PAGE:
Monday’s rejection of the Withdrawal Agreement for the second time was accompanied by various MPs observing that since they’d managed to wring some concessions out of the EU through the new statements and instruments, they might as well vote down the deal in anticipation of getting more the next time.
The government, for its part, also an over-reliance on what the talks led by the attorney general Geoffrey Cox could produce by way of new commitments.
Both these features are grounded in a profound lack of understanding of how the EU works and risks producing an outcome to the Brexit process that neither side really wants.
So what would be a more useful way of making sense of where the EU is and where it might go with things now? The starting point has to be a recognition that the EU is a rule-bound organisation, much more than the UK.
The reason should be obvious with a brief bit of reflection. Just as the UK has its internal differences and arguments about politics, so to do all the other member states of the European Union. And that’s even before you consider the differences between those states.
In short, it’s not a recipe for unified action or even for happy relations all the time. But what those states have agreed is a means of making decisions, with clear rules, as embodied in the treaties that they negotiated, signed and implemented.
To take the most obvious of examples, the EU Commission has negotiated Article 50 with the UK on the basis of a mandate from the member states. Without changes in that mandate, the Commission isn’t allowed to pursue any radically-different agreement. Likewise, individual member states aren’t allowed to bypass the Commission and cut individual deals with the UK.
Of course, this has the effect of making the Commission able to say that its hands are tied, as the representative of the EU27: even if it wanted to make changes, it couldn’t.
However, it doesn’t want to, for the second major reason: the EU – like any club – will look after the interests of its members before those of non-members.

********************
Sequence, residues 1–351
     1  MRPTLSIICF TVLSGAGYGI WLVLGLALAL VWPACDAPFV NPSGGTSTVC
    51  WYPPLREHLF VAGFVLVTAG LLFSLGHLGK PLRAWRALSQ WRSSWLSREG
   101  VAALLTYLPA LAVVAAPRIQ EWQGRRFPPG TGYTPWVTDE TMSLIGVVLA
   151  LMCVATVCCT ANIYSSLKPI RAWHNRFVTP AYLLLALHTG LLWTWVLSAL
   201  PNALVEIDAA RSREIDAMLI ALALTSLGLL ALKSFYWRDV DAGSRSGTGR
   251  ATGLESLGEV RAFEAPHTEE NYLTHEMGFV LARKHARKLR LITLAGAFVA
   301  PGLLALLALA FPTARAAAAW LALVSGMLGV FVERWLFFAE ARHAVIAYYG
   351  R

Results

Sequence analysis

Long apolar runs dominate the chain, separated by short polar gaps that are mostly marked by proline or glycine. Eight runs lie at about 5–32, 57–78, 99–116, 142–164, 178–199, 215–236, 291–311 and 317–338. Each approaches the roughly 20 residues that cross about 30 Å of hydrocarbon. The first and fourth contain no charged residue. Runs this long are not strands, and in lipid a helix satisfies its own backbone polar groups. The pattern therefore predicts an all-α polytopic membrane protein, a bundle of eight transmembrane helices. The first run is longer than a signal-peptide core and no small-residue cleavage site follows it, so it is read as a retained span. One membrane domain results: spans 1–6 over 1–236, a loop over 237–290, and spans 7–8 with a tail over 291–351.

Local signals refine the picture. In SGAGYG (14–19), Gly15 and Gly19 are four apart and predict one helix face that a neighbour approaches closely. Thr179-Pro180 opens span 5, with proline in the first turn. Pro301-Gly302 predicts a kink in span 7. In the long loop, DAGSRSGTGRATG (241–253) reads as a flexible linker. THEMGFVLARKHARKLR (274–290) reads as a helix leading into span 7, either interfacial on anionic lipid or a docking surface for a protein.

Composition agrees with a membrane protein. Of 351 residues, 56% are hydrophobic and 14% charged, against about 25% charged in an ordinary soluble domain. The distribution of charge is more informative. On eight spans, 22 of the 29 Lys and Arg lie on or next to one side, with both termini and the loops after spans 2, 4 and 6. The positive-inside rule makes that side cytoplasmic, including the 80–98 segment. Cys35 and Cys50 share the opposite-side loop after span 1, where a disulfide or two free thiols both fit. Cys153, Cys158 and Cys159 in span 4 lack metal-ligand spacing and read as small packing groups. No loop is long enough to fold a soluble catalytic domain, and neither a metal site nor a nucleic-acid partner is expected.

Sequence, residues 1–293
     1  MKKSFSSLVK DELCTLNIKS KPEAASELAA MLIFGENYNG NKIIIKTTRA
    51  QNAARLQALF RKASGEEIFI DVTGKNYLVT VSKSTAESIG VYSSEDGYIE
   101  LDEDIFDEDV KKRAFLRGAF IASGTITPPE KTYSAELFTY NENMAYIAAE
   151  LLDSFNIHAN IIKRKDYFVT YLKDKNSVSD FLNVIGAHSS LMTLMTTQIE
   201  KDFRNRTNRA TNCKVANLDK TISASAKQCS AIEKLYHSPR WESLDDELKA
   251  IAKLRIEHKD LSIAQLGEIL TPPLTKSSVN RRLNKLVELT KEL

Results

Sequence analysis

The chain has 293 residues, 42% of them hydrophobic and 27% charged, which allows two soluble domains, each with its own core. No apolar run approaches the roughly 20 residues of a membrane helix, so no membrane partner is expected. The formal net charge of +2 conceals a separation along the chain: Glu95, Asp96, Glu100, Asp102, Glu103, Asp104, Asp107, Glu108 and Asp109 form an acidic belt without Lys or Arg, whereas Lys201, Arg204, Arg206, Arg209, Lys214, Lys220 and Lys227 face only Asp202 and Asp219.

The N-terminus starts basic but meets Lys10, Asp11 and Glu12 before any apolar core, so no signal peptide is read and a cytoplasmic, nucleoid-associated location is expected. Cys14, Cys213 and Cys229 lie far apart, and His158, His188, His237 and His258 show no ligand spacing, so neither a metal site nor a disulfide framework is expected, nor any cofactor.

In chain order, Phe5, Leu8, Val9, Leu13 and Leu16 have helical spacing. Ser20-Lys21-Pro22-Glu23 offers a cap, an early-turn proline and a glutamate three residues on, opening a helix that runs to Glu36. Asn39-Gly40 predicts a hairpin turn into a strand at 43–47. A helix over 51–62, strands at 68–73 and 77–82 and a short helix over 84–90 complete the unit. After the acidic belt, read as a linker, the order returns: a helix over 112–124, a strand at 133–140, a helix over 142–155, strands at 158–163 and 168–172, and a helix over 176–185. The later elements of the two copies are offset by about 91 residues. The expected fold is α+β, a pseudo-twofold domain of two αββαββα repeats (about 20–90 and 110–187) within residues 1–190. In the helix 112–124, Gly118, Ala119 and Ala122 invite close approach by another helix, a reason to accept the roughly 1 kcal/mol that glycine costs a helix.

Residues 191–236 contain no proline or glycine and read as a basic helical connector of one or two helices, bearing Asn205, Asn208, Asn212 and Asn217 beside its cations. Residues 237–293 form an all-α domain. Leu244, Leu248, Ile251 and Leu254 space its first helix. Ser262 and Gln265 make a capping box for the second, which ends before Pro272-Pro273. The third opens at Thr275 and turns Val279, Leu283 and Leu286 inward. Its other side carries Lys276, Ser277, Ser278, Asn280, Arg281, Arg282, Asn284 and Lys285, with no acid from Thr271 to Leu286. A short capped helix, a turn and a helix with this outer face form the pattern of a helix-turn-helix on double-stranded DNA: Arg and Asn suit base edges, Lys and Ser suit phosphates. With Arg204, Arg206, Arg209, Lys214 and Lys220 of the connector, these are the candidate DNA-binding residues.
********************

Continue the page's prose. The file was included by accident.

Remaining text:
The UK is, in this context, a non-member, or more accurately a member looking to secure an agreement on rules for when it’s no longer a member.
In this case, the other members have some very strong views – on the protection of the current arrangements under the Good Friday Agreement or on citizens’ rights – as well as lots of other members keen to ensure that those views are respected.
Partly that is an expression of solidarity, but rather more it’s about not wanting to create a situation where a member’s interests aren’t respected and the EU starts selling out its constituent parts: today it’s Brexit, but tomorrow will be something else where you might want to know the EU has your back.
This partly explains where the sloppy notion that “the EU always comes around at the last minute” has come from. For members, there have been examples of late-night decisions to work to accommodate member states’ special situations. But even then, it doesn’t always happen, especially if it means bending those rules we’ve already established matter.
For non-members, it simply doesn’t happen. In 2014, the Swiss voted in a referendum to impose some restrictions on free movement of EU citizens. The EU responded by suspending big chunks of the agreements between the two, until the Swiss were able to find a domestic solution a couple of years later. Notwithstanding the closeness of Switzerland to the EU’s economy, the rules in those agreements made clear the consequences of infringing them and the EU followed through on that.
Which brings us nicely to the final reason to consider: the EU sees Brexit as the choice of the UK, so it’s also the responsibility of the UK to offer solutions to make it happen.
The EU and its member states certainly wants to find a negotiated outcome to the UK’s withdrawal, but it doesn’t take that to mean it has to offer the technical detail to handle the complexities of British politics and law.
When the EU has offered text, it has done so to protect its members’ interests, consistent with the treaty framework: UK requirements are UK requirements and it’s for the British government to pursue those.
This was very clearly on display on Monday evening, when EU and member state leaders coordinated their messages that they would not and could not sort out parliament’s blockages.
At the same time, this doesn’t mean the EU won’t help, but it will only do so within the (increasingly narrow) confines just outlined. Those new texts produced on Monday were just this: clarifications and precisions of the Withdrawal Agreement, but without renegotiating that Agreement itself.
Pulling all this together, it would be misguided to expect the EU to offer any more than it has on the Withdrawal Agreement. It has not come close to reopening the main text, and arguably the Commission could not do that now, given its mandate. There have been the clarifications of the text on all the areas the UK thought it might be helpful to get those. All of which leaves the Political Declaration, which the UK has already discounted as having the necessary weight to shift opinion in the Commons.
None of this requires UK MPs to agree with the EU’s positions, but it does require them to understand what are the limits to what could be expected of the European Union. Without that, the next fortnight will be even more fraught than it already is.
Dr Simon Usherwood is deputy director of The UK in a Changing Europe